ST. JOHNS COUNTY, Fla. – Ellis Zahra and Linda Ginn walked out on to his dock on the Summer Haven River Thursday. His dock is one of the many that now sits on the sand.
That’s because in 2008, a tropical storm broke through a nearby beach dune, sending salt water and sand into the Summer Haven River. Since then, the sand filled the river, leaving docks high and dry and driving out the wildlife.
Zahra said 13 endangered species used to call the river home.
"People started mobilizing in 2009," he said. Ginn nodded, "It was a labor of love."
Now, eight years later, major work is underway to dredge the river to get the sand out of it. Pipe now stretches across the barren river, sand is being pumped through the pipes to the dune area.
"And they take the earth moving equipment and form the new dune system with that," Ginn explained.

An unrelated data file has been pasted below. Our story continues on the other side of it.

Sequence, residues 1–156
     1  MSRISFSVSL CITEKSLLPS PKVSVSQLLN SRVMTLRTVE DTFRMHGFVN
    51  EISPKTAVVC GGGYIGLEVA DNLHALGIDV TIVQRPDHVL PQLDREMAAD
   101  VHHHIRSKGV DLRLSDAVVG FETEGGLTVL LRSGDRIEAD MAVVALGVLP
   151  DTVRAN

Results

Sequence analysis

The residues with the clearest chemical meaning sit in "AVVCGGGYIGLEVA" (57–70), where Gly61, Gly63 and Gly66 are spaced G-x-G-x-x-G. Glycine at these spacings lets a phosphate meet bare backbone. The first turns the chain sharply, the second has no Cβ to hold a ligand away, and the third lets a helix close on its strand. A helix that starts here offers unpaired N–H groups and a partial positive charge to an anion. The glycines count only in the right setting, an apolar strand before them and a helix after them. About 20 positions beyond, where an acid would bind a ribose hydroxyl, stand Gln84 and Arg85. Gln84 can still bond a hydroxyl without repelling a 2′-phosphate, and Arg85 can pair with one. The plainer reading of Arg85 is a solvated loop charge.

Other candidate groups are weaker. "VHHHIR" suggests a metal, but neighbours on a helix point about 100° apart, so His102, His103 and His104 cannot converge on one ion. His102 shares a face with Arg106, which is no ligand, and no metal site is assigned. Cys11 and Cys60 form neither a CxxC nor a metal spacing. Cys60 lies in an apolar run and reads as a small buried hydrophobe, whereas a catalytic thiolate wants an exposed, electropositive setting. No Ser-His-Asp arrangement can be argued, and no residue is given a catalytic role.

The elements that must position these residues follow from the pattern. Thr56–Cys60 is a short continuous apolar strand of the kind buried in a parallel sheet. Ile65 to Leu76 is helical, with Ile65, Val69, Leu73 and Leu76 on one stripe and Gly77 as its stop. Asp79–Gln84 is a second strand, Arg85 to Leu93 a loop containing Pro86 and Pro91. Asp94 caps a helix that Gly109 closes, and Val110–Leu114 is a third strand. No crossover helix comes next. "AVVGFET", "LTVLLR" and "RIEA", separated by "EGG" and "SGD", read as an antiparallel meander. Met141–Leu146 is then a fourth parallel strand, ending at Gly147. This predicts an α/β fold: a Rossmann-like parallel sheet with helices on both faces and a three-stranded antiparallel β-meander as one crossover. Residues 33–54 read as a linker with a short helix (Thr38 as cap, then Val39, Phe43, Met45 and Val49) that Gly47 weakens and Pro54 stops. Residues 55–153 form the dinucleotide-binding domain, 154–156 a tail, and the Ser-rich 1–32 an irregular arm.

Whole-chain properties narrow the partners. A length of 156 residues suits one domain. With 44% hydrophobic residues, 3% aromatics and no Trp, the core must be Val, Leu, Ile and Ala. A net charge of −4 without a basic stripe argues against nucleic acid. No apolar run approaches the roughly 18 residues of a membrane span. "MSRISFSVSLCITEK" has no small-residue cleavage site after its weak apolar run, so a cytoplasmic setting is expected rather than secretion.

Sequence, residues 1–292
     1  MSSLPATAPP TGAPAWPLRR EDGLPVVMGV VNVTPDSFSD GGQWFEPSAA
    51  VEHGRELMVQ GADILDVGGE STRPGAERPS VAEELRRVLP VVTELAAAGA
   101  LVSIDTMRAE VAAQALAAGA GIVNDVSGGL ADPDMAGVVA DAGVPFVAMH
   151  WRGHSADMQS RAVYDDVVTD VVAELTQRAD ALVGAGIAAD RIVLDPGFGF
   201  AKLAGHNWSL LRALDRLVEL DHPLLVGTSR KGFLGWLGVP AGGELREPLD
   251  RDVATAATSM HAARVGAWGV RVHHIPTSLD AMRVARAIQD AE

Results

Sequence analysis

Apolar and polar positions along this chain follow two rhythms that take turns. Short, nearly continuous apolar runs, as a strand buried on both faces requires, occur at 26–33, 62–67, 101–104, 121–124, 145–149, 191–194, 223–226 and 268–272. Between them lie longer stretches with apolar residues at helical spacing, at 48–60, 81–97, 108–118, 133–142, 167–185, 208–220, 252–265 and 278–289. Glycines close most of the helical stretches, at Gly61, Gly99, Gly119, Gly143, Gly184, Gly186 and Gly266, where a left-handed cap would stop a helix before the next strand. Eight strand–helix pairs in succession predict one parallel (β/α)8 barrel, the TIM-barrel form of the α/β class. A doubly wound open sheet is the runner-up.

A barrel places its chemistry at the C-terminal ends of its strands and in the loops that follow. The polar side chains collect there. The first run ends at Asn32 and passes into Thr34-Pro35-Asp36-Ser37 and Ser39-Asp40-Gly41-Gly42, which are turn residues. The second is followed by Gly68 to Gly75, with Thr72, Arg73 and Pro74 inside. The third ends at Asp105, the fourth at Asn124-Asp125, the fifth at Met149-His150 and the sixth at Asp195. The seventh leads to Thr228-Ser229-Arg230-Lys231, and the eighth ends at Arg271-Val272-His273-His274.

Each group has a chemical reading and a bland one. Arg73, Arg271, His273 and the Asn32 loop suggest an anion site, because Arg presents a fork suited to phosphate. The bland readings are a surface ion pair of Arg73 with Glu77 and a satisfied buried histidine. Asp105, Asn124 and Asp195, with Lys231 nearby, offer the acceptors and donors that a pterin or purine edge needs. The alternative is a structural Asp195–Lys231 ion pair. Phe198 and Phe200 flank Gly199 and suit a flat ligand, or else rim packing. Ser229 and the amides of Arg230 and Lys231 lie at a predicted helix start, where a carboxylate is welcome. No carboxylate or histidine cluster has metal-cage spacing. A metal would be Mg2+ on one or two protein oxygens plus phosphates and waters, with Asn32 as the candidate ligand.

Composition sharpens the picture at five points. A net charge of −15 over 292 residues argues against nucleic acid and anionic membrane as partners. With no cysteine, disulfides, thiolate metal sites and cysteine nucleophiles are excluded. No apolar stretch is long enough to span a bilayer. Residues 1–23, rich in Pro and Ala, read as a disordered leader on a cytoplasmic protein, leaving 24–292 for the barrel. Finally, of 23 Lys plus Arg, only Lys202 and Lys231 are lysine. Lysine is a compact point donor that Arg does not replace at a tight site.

Once all the sand is removed, the Jerry Dixon with the St. Augustine Port, Waterway and Beach District said the river will fill up with water from the Intracoastal Waterway.
The river "will go back and start its natural flow again, like it did historically," Dixon said.
We'll have a permit in place that should another breach occur, we're allowed to bring sand out and immediately heal that breach,” Ginn said.
She and Zahra said the dune system will also be stronger than before because of added vegetation and the expectation of more sand from future dredging projects near Fort Matanzas.
Zahra said the project is about 80 percent complete. Dixon estimates the river could be flowing in 30 to 45 days.
The state is spending $3 million on the project.
"This river has economic benefits, environmental, historic, and recreational benefits," Ginn noted.
After years of working on the project together, Ginn and Zahra - who have become friends in the process - are glad to see the work being done.
"Hallelujah,” Zahra said.
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